Medical Technology

Continuous Ketone Monitoring Has Potential to Cut DKA in Diabetes

The development of an on-body continuous ketone monitor (CKM) is seen as potentially helpful for the prevention of diabetic ketoacidosis (DKA) and other clinical situations.

Speakers at two meetings held this month have addressed the potential usefulness of the technology for people with type 1 or type 2 diabetes as well as others, such as those who follow ketogenic diets.

In April 2021, the first-ever human study of Abbott Diabetes Care’s CKM device showed that the technology is feasible. In June 2021, JDRF issued a request for applications for funding the development of CKM technology specifically aimed at preventing DKA in people with type 1 diabetes.

And in early October, a 20-member panel published a consensus report on the science and potential uses of CKM technology.

Abbott CKM Device Measures the Most Prevalent Ketone Body in DKA

Ketone bodies are produced as an alternative energy source when body tissues are deprived of carbohydrates either due to lack of insulin (as in untreated type 1 diabetes), fasting/starvation, intensive exercise, or low-carbohydrate/ketogenic diets.

In people with type 1 diabetes, ketones can build up in the blood faster than they can be metabolized and the body becomes acidic, leading to DKA. In recent years, this phenomenon has also been reported in people with type 2 diabetes who take sodium-glucose cotransporter 2 (SGLT2) inhibitors, sometimes in the setting of normal blood glucose levels.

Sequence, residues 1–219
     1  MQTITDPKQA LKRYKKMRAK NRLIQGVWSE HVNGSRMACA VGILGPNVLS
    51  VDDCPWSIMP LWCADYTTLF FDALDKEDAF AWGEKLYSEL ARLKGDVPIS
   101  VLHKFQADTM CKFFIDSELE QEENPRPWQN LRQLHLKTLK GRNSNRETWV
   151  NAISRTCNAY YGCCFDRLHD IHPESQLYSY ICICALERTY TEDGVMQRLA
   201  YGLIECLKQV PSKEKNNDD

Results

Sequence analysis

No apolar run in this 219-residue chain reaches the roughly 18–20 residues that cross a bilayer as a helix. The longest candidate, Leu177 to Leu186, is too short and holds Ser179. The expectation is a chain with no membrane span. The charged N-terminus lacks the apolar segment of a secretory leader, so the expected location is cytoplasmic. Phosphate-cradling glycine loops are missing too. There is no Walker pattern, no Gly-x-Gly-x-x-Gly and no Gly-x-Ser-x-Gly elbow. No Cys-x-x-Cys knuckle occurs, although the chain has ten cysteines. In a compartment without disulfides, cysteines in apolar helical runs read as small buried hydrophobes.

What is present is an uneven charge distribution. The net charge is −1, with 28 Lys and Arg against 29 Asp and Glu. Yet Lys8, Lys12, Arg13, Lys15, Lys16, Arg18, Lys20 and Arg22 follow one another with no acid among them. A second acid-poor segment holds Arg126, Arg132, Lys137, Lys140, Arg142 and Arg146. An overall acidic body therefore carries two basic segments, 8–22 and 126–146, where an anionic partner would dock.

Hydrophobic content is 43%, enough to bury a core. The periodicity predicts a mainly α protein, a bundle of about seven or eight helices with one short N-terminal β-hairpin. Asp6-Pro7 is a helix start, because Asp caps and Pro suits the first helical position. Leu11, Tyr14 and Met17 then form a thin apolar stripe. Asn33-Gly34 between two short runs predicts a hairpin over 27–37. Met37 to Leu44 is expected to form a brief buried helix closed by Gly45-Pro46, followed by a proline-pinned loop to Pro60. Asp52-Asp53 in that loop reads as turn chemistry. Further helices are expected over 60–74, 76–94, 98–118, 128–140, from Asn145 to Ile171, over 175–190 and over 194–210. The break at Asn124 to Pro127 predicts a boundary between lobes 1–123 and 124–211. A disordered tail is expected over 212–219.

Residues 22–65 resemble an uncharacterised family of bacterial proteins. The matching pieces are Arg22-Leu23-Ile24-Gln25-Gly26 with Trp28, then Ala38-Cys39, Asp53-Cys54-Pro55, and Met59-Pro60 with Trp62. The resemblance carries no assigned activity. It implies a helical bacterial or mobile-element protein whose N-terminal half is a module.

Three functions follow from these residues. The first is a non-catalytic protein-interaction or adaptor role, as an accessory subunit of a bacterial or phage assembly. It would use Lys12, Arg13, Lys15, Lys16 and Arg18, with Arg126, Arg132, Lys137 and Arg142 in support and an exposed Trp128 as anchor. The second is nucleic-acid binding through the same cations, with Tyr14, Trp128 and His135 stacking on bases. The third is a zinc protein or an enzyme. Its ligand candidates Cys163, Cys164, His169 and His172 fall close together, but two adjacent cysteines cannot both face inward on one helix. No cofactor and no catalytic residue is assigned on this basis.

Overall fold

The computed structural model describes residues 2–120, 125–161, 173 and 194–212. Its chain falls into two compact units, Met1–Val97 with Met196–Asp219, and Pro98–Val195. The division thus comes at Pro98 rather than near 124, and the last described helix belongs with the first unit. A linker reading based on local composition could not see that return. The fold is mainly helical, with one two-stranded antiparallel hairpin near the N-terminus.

The presence of lower and less-dangerous levels of ketones, called ketosis, occurs with low-carbohydrate diets.

Current methods for measuring ketone bodies include urine test strips, breath ketone monitors, and blood monitors. All measure at single timepoints, and only the blood monitors measure the predominant ketone body present in DKA, beta-hydroxybutyrate (BHB). Urine strips measure acetoacetate and the breath meters measure acetone, both of which can underestimate total body ketone concentrations.  

The investigational Abbott CKM, in contrast, measures BHB in subcutaneous tissue via a sensor and applicator that look identical to the company’s Freestyle Libre continuous glucose monitoring device.

In the feasibility study of the ketone monitor, which involved 12 people on low carbohydrate diets of whom just one had diabetes, the CKM sensor performed well against capillary ketone measurement over 14 days with a single calibration.

At the virtual Diabetes Technology Society (DTS) meeting earlier this month, study co-author Kristin Castorino, DO, said: “Capillary-based measurements are episodic, and urine ketone measurements have significant limitations.”

“When I explain this to patients, I use the analogy of the times when we actually used urine dipsticks to measure glucose, and how that’s considered old news and no longer relevant. The same can occur with acetoacetate on those urine ketone strips…It may not reflect the current  BHB burden that the person might be experiencing.”

CKM, on the other hand, “can identify changing ketone levels and possibly flag significant changes, offering a new tool for the prevention and management of DKA in people with diabetes,” said Castorino, senior research physician at Sansum Diabetes Research Institute, Santa Barbara, California.

Anne L. Peters, MD, professor of medicine at the University of Southern California (USC) Keck School of Medicine, Los Angeles, and director of the USC clinical diabetes programs, also discussed CKM on November 9 at a half-day meeting sponsored by the Endocrine Society.